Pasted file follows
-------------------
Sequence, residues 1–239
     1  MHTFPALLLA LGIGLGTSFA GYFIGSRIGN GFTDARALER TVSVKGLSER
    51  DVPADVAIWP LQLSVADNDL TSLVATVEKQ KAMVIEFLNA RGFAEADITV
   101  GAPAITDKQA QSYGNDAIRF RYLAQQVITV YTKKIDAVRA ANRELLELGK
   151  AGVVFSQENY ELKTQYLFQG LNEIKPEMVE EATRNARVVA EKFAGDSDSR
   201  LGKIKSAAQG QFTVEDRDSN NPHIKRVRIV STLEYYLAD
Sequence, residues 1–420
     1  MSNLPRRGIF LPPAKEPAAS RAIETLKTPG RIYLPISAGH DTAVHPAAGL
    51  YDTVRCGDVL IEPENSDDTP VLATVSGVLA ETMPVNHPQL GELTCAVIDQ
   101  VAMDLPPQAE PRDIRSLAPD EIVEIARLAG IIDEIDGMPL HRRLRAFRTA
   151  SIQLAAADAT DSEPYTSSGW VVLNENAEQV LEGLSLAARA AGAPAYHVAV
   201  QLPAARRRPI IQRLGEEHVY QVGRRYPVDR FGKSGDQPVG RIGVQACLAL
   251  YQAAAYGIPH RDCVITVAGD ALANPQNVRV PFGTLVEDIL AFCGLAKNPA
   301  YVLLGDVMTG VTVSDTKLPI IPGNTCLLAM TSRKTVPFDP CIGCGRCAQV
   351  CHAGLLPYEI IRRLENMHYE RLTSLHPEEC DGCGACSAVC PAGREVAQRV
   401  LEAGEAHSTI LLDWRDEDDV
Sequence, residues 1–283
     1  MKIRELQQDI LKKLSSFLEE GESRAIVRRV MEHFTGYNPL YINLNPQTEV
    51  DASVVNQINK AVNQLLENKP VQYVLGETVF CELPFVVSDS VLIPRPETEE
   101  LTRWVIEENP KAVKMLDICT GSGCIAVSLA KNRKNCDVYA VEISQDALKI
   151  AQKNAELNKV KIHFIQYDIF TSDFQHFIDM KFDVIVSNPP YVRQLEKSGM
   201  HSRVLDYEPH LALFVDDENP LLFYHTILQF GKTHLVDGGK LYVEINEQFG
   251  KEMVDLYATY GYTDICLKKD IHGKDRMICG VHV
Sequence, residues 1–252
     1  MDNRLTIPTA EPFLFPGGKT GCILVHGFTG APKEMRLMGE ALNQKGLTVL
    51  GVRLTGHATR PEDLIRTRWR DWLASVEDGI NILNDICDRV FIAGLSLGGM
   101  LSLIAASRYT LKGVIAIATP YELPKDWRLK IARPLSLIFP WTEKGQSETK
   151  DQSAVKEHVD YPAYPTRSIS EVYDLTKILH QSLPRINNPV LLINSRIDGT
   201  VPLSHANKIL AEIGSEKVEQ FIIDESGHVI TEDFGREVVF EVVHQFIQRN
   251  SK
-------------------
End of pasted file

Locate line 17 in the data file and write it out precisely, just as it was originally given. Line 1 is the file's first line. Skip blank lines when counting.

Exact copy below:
Sequence, residues 1–283